According to Randolph, the pre-negotiation phase is characterized by both the ability and willingness to negotiate. The former requires the issue at stake to be negotiable and under discussion by two or more parties who have reason to believe their goals may be reached through negotiation. A degree of mutual trust, the capability to trade resources, and sufficient time are also important prerequisites for negotiations. The willingness to negotiate increases the chances that parties will commence formal negotiations. Willingness is stronger when parties have a direct interest in the outcome and when the certainty of achieving a solution is higher.

Before the CDM was even conceptualized, a long-running debate about joint implementation (JI) was taking place within the KP negotiations.[22] JI would allow countries to partly meet their KP commitments through offsets from projects in other countries. Some Parties strongly opposed such an allowance, concerned that it would shift responsibility for meeting emission reductions to developing countries. However, certain countries in the developing world’s negotiating block (G77/China) started to drift from that position.[23] By virtue of being part of a larger negotiation process, and given the history of discussions on the issue, Parties’ ability to negotiate on the CDM was firmly established. Furthermore, most Parties were deeply vested in the final decision, displaying a clear a willingness to negotiate.

Just like the CDM’s pre-negotiation phase, the foundation for international consultations on REDD+ was laid in the early 1990s. Two culminating documents of the UN Conference on Environment and Development, followed by the establishment of several forest-related international bodies, are testament to both the willingness and ability of Parties to negotiate on forest issues, though no global agreement on forests resulted from these processes.[24] When the role of deforestation in climate change began to be discussed in the context of the KP, the issue was already controversial.[25] In particular, the disunion of the G77/China on REDD+ is reminiscent of its lack of unity around the CDM.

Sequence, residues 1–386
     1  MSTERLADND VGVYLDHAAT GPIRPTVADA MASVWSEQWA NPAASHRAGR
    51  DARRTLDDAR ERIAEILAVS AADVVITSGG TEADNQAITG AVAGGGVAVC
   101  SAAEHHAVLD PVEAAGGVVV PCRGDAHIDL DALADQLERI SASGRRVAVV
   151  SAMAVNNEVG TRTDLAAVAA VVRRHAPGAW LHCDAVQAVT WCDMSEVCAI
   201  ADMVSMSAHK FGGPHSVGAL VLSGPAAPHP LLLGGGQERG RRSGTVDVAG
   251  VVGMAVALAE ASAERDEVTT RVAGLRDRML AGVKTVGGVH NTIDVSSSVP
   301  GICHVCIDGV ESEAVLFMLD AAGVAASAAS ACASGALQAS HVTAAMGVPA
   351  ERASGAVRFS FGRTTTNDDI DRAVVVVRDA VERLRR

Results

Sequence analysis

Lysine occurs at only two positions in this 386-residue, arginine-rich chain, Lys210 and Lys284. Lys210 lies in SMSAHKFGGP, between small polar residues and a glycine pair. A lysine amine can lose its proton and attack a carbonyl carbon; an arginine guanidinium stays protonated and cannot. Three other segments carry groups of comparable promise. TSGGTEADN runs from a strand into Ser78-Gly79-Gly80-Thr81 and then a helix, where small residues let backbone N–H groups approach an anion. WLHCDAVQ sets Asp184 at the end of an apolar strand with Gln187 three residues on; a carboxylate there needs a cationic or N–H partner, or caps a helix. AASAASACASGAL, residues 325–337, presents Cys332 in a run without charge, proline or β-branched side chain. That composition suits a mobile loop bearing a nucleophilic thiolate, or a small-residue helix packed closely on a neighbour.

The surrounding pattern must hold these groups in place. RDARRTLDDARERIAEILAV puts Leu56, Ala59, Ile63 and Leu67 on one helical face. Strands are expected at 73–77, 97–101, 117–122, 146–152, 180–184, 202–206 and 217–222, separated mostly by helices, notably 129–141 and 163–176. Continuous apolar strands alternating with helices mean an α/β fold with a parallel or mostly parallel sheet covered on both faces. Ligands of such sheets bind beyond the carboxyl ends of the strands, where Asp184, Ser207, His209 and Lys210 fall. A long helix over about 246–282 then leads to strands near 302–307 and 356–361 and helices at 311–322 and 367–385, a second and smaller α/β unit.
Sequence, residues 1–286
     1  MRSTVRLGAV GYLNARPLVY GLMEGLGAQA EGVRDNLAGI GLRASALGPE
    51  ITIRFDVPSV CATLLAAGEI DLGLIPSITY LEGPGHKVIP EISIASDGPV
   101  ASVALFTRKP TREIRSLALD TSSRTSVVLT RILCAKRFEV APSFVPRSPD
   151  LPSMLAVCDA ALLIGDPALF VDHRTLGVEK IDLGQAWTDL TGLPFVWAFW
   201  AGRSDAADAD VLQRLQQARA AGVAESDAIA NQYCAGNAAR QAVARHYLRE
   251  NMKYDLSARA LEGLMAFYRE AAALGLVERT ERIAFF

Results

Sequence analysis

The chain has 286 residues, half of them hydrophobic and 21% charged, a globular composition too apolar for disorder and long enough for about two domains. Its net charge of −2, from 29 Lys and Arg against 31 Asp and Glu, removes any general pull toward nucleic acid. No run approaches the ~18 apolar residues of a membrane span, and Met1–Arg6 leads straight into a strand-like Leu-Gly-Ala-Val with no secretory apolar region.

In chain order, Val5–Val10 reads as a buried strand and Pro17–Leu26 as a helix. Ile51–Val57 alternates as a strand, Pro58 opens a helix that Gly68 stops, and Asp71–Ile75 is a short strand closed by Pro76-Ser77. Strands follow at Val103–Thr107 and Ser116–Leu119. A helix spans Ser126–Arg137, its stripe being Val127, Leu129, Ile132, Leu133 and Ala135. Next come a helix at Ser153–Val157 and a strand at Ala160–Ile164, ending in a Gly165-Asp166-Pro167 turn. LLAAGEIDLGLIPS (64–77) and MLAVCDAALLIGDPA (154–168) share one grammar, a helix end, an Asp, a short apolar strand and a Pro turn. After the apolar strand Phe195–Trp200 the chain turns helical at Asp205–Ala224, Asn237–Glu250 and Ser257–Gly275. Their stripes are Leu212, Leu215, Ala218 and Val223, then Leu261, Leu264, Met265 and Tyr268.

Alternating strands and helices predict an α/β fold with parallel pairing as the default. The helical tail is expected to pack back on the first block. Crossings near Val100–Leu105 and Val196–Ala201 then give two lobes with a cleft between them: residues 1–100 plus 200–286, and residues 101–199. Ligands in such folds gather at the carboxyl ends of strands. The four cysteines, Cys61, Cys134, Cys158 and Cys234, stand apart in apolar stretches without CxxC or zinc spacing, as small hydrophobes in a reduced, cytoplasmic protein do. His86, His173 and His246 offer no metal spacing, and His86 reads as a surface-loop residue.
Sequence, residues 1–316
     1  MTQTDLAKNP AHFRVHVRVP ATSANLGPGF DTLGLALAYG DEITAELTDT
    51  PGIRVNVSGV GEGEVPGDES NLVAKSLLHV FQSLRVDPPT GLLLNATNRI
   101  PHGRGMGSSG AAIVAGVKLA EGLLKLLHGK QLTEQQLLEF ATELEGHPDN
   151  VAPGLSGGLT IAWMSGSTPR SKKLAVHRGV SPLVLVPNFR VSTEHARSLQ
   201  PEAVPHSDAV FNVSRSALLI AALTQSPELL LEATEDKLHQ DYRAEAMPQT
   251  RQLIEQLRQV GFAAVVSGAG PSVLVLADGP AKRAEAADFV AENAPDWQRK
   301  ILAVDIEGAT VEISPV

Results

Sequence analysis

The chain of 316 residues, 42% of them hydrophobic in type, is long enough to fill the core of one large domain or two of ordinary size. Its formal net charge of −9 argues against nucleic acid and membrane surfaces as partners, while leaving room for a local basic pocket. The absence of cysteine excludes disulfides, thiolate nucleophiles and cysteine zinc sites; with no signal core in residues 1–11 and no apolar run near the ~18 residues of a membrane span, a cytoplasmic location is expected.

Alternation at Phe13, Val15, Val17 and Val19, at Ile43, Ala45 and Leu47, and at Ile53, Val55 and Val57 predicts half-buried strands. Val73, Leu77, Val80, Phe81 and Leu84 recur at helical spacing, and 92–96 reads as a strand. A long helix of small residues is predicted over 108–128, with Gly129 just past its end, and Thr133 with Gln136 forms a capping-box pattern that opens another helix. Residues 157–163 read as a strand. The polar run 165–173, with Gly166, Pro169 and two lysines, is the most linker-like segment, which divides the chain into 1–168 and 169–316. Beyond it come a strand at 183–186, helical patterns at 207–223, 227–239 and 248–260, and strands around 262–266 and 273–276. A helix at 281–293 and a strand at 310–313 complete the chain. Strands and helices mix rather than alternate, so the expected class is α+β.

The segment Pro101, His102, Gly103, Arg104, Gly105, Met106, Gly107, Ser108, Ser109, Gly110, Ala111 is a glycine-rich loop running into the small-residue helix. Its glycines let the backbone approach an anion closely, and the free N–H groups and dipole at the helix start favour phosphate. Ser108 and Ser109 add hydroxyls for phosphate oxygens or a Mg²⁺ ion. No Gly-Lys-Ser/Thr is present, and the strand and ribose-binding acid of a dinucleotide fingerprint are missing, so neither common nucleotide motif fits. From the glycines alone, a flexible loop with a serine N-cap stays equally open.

The development of the forests issue largely mirrors advancements in technical knowledge. Avoided deforestation was not made eligible for certified emission reduction credits under the KP—largely because poor information and limited technology made monitoring, reporting, and verification (MRV) of emission reductions nearly impossible. At COP 7 in Marrakech (2001), the technical impossibility of avoiding leakage and ensuring additionality was cited as another reason for excluding avoided deforestation from the CDM.[26] Not until 2005 at COP 11 in Montreal was reducing emissions from deforestation (RED) placed on the agenda again, this time at the request of the newly-formed Coalition for Rainforest Nations. General agreement among the Parties on the importance of the concept resulted in its being delegated to the Subsidiary Body for Scientific and Technological Advice (SBSTA) for study.[27]

The Bali Action Plan, agreed to at COP 13 in 2007, introduced the second “D” (forest Degradation) into official text, at the prompting of the Commission des Forêts d’Afrique Centrale (COMIFAC).[28] The "+" which stands for “conservation, sustainable management of forests and forest carbon stocks,” also made a first appearance in the Plan. In 2008 the SBSTA presented its findings to the COP in Poznan and further advanced "REDD+" with all its component parts.[29]